The principal difference between a cat and a lie is that the cat has only
--Pudd'nhead Wilson's New Calendar.
April 20.--The cyclone of 1892 killed and crippled hundreds of people;
it was accompanied by a deluge of rain, which drowned Port Louis and
produced a water famine. Quite true; for it burst the reservoir and the
water-pipes; and for a time after the flood had disappeared there was
much distress from want of water.
This is the only place in the world where no breed of matches can stand
the damp. Only one match in 16 will light.
The roads are hard and smooth; some of the compounds are spacious, some
of the bungalows commodious, and the roadways are walled by tall bamboo
hedges, trim and green and beautiful; and there are azalea hedges, too,
both the white and the red; I never saw that before.
As to healthiness: I translate from to-day's (April 20) Merchants' and
Planters' Gazette, from the article of a regular contributor, "Carminge,"
concerning the death of the nephew of a prominent citizen:
"Sad and lugubrious existence, this which we lead in Mauritius; I
believe there is no other country in the world where one dies more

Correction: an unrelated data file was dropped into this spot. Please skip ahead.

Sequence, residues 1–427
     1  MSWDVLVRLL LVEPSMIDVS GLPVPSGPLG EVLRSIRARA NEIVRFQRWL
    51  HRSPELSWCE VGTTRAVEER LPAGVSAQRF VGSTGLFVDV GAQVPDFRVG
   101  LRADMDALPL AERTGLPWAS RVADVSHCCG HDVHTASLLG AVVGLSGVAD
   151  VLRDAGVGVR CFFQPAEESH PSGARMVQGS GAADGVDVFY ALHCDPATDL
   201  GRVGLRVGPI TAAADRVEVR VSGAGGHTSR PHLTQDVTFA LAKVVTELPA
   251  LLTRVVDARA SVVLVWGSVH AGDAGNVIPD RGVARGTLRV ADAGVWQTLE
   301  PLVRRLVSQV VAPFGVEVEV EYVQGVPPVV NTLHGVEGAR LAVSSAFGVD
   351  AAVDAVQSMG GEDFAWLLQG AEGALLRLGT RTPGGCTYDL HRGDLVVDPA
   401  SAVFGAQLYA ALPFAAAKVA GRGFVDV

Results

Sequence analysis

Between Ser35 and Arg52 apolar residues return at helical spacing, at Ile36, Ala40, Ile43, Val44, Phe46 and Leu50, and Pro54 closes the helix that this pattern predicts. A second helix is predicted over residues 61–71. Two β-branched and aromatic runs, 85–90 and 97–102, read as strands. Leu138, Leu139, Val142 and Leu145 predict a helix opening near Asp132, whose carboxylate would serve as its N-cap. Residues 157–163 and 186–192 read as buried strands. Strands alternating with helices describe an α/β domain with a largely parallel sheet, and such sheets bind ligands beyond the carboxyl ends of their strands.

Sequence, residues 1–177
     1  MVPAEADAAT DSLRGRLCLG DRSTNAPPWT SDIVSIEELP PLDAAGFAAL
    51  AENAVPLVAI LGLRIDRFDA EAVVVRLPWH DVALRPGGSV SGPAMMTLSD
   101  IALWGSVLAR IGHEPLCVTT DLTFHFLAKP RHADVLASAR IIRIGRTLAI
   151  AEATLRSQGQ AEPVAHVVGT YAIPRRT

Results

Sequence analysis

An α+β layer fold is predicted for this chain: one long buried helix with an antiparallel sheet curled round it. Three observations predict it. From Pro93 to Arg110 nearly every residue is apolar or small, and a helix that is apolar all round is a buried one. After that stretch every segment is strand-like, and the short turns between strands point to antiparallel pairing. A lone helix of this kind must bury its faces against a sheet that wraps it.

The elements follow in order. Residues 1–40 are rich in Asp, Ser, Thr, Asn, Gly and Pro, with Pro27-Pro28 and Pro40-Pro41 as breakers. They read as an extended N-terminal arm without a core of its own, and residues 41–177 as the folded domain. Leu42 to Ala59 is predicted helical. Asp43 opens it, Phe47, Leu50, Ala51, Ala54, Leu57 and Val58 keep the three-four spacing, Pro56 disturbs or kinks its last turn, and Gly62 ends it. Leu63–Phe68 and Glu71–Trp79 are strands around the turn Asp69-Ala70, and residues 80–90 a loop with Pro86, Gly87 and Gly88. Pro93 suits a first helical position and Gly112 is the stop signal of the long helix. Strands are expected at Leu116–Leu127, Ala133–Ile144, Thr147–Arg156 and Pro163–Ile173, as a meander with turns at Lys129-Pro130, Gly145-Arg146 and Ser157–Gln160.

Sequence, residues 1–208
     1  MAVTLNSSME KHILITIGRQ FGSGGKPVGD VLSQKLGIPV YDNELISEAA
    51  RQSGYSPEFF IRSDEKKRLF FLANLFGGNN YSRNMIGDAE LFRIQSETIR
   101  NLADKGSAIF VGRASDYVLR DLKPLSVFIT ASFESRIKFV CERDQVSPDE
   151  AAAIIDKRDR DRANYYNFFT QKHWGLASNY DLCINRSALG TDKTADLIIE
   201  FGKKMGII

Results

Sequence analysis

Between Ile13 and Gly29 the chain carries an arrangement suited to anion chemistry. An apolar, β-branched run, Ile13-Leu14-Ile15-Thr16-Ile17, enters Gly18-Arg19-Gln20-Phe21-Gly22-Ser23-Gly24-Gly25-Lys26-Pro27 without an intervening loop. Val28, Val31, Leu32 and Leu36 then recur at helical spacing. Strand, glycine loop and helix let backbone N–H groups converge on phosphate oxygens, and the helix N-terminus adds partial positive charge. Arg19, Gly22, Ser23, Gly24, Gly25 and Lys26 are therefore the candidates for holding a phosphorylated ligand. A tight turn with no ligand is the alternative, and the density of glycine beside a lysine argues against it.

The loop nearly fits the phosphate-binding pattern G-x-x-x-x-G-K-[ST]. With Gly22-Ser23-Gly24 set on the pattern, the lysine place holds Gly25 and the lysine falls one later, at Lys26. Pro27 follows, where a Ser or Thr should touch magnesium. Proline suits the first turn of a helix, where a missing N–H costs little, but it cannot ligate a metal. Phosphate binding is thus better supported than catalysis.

easily than among us. The least indisposition becomes a mortal
malady; a simple headache develops into meningitis; a cold into
pneumonia, and presently, when we are least expecting it, death is a
guest in our home."
This daily paper has a meteorological report which tells you what the
weather was day before yesterday.
One is clever pestered by a beggar or a peddler in this town, so far as I
can see. This is pleasantly different from India.
April 22. To such as believe that the quaint product called French
civilization would be an improvement upon the civilization of New Guinea
and the like, the snatching of Madagascar and the laying on of French
civilization there will be fully justified. But why did the English
allow the French to have Madagascar? Did she respect a theft of a couple
of centuries ago? Dear me, robbery by European nations of each other's